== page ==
Photos were published this week potentially showing the remnants of paper documents that then-President Donald Trump ripped up and sought to flush down a toilet, although who put the document pieces there wasn’t conclusively confirmed.
Besides the ridiculous nature of the behavior, it could also be illegal because of components of federal law mandating the preservation and eventual transfer to federal record-keeping authorities of wide swathes of an administration’s records. The images were published in Axios after Maggie Haberman, a reporter with The New York Times who spoke about the document-flushing in an upcoming book about Trump, obtained them. One image purportedly shows a toilet in the White House, while another apparently shows a scene from an unspecified overseas trip, according to available info. The pieces of paper visible in the images carry handwriting that looks like what’s known as Trump’s. The papers were also written on in Sharpie, which Trump is known to do.
Trump, of course, originally denied he sought to flush documents. However, these images depict a fairly clear example of what seems like the then-president’s own handwriting, making his denials even more difficult to consider credible. Haberman’s book is called Confidence Man: The Making of Donald Trump and the Breaking of America, and it releases to the public in August. Haberman’s work features a long-running focus on Trump. Staff working the White House residence believed Trump was responsible for the remnants of documents they found in a toilet, which happened “multiple times” at the White House and on at least two trips outside the country, as Axios summarizes what Haberman learned.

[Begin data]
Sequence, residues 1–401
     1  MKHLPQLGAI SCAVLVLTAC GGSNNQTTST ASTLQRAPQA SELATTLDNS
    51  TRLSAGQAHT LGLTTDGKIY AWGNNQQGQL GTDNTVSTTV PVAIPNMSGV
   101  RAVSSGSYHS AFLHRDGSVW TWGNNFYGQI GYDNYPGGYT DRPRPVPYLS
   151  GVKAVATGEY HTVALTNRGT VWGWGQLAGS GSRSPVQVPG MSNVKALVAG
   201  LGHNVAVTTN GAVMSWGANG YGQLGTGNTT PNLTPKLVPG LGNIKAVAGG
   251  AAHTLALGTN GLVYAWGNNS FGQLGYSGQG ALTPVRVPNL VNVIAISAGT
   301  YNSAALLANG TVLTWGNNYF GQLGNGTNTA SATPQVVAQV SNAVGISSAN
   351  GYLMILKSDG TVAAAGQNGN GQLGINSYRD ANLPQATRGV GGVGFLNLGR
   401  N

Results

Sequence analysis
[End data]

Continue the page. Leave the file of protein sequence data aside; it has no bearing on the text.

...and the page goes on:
“That Mr. Trump was discarding documents this way was not widely known within the West Wing, but some aides were aware of the habit, which he engaged in repeatedly,” Haberman said. “It was an extension of Trump’s term-long habit of ripping up documents that were supposed to be preserved under the Presidential Records Act.” Predictably, Trump spokesperson Taylor Budowich mocked the revelations. “We know… there’s enough people willing to fabricate stories like this in order to impress the media class — a media class who is willing to run with anything, as long as [it’s] anti-Trump,” he said. There’s no evidence the story was fabricated. Trump’s treatment of documents that federal rules required be preserved already faced scrutiny: some of the records from Trump’s admin that the House panel investigating the Capitol riot got from the National Archives were taped back together. The flurry of Trump’s potential law-breaking doesn’t make individual examples of it less serious.